# Show that function has removable singularity

Let $a\in\Omega$ be an isolated singularity of function $f$ that is holomorphic on $\Omega \setminus \{a\}$. Show that if $\mathbb{Re}f(z)>0$ in some neighbourhood of point $a$, then $a$ is a removable singularity for $f$.

$f$ has removable singularity at $a$ if and only if $\lim_{z\rightarrow a}(z-a)f(z)=0$.

But I don't know how to start. Do you have any idea?

• Consider the biholomorphic map $\phi$ from the half plane $\Re w>0$ to the unit disc $\lvert\zeta\rvert<1$. Study the composite $\phi\circ f$. – Yai0Phah Jan 16 '15 at 12:20
• Sorry, but I dont see how does it help... – luka5z Jan 16 '15 at 12:24
• Let $F=\phi\circ f$, then what about $\lim_{z\to a}(z-a)F(z)$? What can you conclude? Then use $f=\phi^{-1}\circ F$ to obtain what you want. – Yai0Phah Jan 16 '15 at 12:31
• $\lim_{z\to a}(z-a)F(z) = 0$? – luka5z Jan 16 '15 at 12:40
• You can say that it is not an essential singularity for sure, because of the Picard theorem: en.wikipedia.org/wiki/Picard_theorem – Igor Jan 16 '15 at 19:27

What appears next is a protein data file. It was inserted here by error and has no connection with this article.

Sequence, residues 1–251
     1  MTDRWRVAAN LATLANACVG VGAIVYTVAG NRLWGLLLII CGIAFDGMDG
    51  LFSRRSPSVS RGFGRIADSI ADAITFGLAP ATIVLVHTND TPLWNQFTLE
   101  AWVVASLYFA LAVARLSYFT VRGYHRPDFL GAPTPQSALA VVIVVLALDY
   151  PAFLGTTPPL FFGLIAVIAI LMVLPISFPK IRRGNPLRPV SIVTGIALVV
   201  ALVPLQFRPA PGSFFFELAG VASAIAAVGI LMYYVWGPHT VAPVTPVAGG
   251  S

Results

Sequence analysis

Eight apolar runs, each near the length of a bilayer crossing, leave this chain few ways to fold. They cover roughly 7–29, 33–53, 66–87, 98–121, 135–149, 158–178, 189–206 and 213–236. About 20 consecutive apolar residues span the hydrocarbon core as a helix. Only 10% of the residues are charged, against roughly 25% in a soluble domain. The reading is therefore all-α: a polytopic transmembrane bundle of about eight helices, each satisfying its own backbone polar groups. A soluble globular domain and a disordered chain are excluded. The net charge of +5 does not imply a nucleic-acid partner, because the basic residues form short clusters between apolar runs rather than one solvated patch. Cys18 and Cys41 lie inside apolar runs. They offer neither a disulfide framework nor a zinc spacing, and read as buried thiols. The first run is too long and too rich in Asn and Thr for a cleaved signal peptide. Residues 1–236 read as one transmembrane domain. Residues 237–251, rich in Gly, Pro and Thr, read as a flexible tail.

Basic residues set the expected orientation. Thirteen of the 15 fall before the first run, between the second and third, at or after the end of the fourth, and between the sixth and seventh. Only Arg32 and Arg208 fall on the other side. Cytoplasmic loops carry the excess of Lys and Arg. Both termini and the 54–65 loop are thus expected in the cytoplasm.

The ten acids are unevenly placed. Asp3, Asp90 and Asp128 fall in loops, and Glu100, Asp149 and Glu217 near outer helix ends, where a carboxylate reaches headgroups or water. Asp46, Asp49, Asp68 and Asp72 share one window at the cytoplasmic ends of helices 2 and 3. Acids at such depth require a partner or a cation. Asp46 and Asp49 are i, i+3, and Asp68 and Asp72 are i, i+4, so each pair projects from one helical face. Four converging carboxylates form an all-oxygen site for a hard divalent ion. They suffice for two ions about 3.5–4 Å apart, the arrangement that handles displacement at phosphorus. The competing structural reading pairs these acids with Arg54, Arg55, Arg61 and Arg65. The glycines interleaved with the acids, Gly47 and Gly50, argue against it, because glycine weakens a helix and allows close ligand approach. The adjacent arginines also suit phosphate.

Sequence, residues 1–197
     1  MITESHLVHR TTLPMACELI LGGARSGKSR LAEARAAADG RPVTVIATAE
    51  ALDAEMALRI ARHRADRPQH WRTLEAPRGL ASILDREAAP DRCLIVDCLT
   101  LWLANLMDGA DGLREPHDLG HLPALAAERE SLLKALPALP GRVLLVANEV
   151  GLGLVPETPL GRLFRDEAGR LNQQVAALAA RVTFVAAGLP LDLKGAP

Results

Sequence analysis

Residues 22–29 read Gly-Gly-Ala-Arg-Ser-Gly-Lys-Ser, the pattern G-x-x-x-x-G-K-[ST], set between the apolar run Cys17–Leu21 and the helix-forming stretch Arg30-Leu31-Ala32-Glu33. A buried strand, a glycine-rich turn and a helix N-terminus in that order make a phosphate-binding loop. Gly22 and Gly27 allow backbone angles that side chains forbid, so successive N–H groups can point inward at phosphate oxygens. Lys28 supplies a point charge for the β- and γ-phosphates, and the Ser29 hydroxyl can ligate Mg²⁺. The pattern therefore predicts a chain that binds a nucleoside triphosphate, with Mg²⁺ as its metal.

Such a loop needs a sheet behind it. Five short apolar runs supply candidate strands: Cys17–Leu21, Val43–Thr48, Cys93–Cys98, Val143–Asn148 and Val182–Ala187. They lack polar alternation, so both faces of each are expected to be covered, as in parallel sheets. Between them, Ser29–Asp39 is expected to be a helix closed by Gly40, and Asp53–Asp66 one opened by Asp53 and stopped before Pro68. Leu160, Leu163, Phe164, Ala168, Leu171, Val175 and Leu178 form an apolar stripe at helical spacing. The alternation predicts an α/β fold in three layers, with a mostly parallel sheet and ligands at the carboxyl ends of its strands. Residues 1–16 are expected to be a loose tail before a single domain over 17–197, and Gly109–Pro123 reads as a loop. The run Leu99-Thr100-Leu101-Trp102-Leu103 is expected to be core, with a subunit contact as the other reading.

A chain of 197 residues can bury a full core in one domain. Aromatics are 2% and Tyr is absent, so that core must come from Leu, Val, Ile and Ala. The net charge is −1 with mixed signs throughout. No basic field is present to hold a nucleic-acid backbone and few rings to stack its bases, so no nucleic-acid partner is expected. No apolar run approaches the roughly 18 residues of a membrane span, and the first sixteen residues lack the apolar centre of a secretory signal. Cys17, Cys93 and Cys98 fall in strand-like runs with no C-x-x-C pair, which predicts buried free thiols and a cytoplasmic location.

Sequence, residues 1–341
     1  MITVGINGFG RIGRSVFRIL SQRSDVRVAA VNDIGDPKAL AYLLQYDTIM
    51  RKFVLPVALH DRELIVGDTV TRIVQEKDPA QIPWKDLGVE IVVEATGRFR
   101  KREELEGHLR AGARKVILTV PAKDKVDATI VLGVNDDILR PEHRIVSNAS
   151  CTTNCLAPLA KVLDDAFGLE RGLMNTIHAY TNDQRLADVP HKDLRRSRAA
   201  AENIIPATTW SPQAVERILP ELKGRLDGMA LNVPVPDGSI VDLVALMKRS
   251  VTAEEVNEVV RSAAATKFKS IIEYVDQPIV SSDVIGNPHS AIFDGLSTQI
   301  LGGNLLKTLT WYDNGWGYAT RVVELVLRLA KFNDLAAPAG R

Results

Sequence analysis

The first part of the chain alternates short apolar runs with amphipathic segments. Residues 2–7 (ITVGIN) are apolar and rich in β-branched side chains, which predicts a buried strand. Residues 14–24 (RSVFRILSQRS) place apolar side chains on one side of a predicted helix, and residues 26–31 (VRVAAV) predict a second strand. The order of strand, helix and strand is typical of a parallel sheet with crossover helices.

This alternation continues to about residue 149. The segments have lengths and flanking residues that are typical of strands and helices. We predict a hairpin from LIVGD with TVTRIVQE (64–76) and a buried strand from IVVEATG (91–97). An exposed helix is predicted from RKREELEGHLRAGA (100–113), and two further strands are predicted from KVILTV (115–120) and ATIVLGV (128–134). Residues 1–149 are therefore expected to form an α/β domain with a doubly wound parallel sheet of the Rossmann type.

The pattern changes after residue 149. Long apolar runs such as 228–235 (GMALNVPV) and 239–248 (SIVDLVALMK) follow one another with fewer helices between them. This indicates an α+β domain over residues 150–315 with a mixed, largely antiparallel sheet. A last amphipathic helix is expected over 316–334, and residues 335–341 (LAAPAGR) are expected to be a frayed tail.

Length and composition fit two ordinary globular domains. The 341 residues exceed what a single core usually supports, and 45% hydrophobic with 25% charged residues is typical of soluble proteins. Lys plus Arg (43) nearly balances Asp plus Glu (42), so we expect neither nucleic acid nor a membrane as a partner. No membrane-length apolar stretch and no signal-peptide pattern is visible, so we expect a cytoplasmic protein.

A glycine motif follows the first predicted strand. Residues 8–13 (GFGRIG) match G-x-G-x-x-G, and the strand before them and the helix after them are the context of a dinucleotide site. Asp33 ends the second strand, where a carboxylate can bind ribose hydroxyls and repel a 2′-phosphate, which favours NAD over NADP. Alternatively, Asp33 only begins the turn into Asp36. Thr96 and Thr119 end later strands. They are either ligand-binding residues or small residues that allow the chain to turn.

## 1 Answer

The function $$g(z) = \frac{f(z) - 1}{f(z) + 1}$$ has an isolated singularity at $a$ and satisfies $|g(z)| < 1$ in a (deleted) neighborhood of $a$, thus $\lim_{z\to a} g(z)$ exists. Hence $$\lim_{z\to a} (z - a)f(z) = \lim_{z\to a} (z - a)\frac{1 + g(z)}{1 - g(z)} = \lim_{z\to a} (z - a)(1 + g(z) + O(g(z)^2)) = 0.$$ Consequently, $a$ is a removable singularity of $f$.

• Is it not possible that the limit of $g(z)$ is 1? – zokomoko Feb 3 '17 at 16:51
• Yes, it's possible. – kobe Feb 3 '17 at 19:20
• Thank you for your reply. Could you please elaborate on how this limit turns out to be zero? The denominator (if $g$ approaches 1) and the numerator both vanish.. – zokomoko Feb 3 '17 at 21:31
• Look at the expansion $(z - a)(1 + g(z) + O(g(z)^2))$. We know $(z - a)(1 + g(z)) \to 0$ as $z \to a$, and since $\lvert g(z)\rvert < 1$ in a deleted neigborhood of $a$, then $(z - a)O(g(z)^2) \to 0$ as $z \to a$. – kobe Feb 3 '17 at 21:33